Pinus arizonica, first described in 1878 by Georg Engelmann (1809–1884) ex Rothrock is commonly known as Arizona pine or as pino de Arizona in the Spanish language. In the 1997 monograph, Pinus (Pinaceae) in Flora Neotropica, Aljos Farjon and B.T. Styles state that P. arizonica has often been treated under P. ponderosa as a variety, but more recent treatments recognize it as a distinct species, with possible introgression in Arizona and New Mexico.
Description. Arizona pine is a large growing coniferous species of tree that grows to heights of 112 feet (35 m) tall with a straight, massive trunk up to 48 inches (120 cm) in diameter, measured at breast height. Mature trees present an open crown with a rounded top and thick, spreading branches, while young trees will be more pyramidal in structure.
Bark on young trees is dark brown, rough and scaly, with age becoming up to 2 inches (4 - 5 cm) thick, deeply furrowed, and divided into large irregular plates separating into thin, closely appressed light cinnamon-brown scales.
Needles grow tufted at the ends of the branches, in fascicles of 3 to 5 needles, 5 to 9 inches (12 - 22 cm) long, thick, rigid, dark green in color, with stomata on all sides; finely serrate margins. Needles tend to fall after 2 to 3 seasons.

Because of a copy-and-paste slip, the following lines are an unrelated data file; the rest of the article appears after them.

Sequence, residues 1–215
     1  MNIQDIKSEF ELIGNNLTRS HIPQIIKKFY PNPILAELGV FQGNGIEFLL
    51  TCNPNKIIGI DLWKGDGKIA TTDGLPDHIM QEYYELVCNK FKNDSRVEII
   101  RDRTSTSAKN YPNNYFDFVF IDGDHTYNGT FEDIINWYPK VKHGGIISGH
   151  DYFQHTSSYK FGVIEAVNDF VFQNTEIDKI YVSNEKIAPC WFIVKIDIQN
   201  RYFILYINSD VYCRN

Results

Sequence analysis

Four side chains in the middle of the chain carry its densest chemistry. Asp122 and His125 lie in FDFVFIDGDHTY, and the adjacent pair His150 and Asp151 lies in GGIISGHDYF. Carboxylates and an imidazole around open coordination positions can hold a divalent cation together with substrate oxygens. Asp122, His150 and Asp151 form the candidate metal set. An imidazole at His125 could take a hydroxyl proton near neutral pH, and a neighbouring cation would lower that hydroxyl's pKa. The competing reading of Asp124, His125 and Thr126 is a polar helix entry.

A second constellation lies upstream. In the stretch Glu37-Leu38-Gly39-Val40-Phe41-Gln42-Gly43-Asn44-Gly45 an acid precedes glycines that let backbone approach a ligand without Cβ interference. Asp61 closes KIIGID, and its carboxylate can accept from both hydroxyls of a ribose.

Seed cones are symmetrical, ovoid to conical shaped, 2.5 to 4 inches (6 - 9 cm) long, born in groups of 1 to 3 on short, stout peduncles They are light red-brown at maturity, with hard, stiff scales 0.48 to 0.56 inch (12 - 14 mm) wide, with a rounded apex, smoothed with apophyses raised and with a transverse keel; armed with slender recurved spines. Cones open at maturity and are soon deciduous, leaving the peduncle and a few basal cone scales attached to the branchlet.
Distribution. This species is native to USA in the mountains of southeastern Arizona and southwestern New Mexico at elevations of 5,800 to 8,000 feet (1,800 to 2,450 m). In Mexico, it is found in the mountains of the Sierra Madre Occidental in northeast Sonora, west Chihuahua, eastern Sinaloa, and Durango at elevations of 6,400 to 9,000 feet (2,000 - 2,800 m) above sea level.
Hardy to USDA Zone 8 — cold hardiness limit between 10 to 20ºF (-12.1°C to -6.7°C).